How to make your dog your workout partner

While your dog can’t help you bench press your one-rep maximum, they still make a great training buddy. No scheduling, no excuses: they’ll always be thrilled to see you lace up your running shoes. Here are some tips to integrate your dog into your workout routine, so that both of you can reap the benefits of physical activity.

Running with your dog

Dogs love to follow a familiar routine, and you can use this trait to help you achieve your own running goals. If you consistently take your dog for a run at the same time, they’ll grow fond of it and expect you to continue doing so. On those grey mornings where there’s a light drizzle, or when you “just don’t feel like running”, the sight of your dog wagging its tail impatiently by the door may just be what you need to get started.

Make “fetch” part of your workout

After throwing a stick, a ball or a toy for your dog to fetch, you have a few seconds before they bring it back. How many squats, lunges, crunches, sit-ups or jumping jacks can you squeeze in during this time? Repeat the process until you’re both out of breath and thoroughly spent.

Yes, “dog yoga” is a thing

The practice of “Doga” (for dog yoga) either has you guide your pet through specially adapted “dog poses”, or lets the animal become a part of your own yoga poses. Classes can be found in major cities, but most basic exercises are simple enough that you could perform them at home after a quick online search. While dog yoga isn’t much of a workout, it’s a fun way of bonding with your companion.

How to adapt your workout to your dog

Whether you’re already an active person or just starting out, consider integrating your dog into your workout routine progressively. You could start with short training sessions of just five or ten minutes per day, then increase their duration and frequency until you reach 30 minutes per workout, most days of the week. Try keeping a consistent schedule, always training at the same time, to help reinforce the habit in your dog.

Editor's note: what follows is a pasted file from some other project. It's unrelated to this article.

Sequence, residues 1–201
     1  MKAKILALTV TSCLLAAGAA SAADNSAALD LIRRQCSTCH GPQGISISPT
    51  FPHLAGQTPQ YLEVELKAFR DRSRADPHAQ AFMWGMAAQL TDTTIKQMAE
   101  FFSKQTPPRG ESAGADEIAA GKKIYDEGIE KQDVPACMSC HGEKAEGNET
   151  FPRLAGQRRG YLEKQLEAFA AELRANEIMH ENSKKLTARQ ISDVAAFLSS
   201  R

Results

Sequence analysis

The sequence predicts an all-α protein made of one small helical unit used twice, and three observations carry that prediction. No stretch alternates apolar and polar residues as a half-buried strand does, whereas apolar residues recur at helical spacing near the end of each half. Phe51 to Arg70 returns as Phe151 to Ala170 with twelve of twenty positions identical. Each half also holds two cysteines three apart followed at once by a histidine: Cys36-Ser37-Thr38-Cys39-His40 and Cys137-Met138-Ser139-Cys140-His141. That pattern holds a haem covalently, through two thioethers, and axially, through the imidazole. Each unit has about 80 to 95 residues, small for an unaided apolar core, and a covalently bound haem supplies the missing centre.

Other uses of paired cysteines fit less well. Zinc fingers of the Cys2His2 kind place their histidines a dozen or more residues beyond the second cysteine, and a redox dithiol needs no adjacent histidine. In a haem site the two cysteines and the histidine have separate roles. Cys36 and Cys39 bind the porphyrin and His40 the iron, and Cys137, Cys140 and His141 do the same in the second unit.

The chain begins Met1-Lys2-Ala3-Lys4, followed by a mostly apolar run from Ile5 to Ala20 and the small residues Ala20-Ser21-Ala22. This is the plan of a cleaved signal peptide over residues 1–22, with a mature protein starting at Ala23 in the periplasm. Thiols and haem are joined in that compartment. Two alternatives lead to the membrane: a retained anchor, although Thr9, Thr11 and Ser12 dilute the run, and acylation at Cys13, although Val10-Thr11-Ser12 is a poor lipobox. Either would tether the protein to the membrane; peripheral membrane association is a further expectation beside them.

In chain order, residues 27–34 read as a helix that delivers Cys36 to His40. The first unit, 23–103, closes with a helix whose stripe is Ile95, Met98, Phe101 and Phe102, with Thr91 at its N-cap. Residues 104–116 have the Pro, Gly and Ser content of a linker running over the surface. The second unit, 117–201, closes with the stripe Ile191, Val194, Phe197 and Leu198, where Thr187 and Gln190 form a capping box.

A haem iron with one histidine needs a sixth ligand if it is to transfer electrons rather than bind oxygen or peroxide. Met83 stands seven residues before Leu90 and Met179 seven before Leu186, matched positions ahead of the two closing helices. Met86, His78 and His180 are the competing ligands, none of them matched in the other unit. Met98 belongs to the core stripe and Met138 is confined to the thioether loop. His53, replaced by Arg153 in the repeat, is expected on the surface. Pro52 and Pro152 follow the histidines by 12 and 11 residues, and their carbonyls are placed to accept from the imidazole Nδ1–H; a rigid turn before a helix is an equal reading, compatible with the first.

Look out for your training partner

Just like you wouldn’t let a human partner train to exhaustion, you need to make sure not to over-exercise your pet. Remember that dogs don’t sweat the way humans do, and signs of fatigue may not be as obvious. Excessive panting, laboured breathing, staggering or refusing to follow along means your buddy need some rest. Make sure to allow for regular rest, water and elimination breaks.

Take your dog’s breed into account

When planning your workout, keep in mind certain dog breeds are more vulnerable to specific health issues. For example, flat-nosed pugs and Boston Terriers can have a harder time breathing under effort, so runs should be kept short, while working breeds like German Shepherds need a lot of exercise to be challenged. Don’t hesitate to ask your veterinarian for activity recommendations based on your dog’s natural abilities.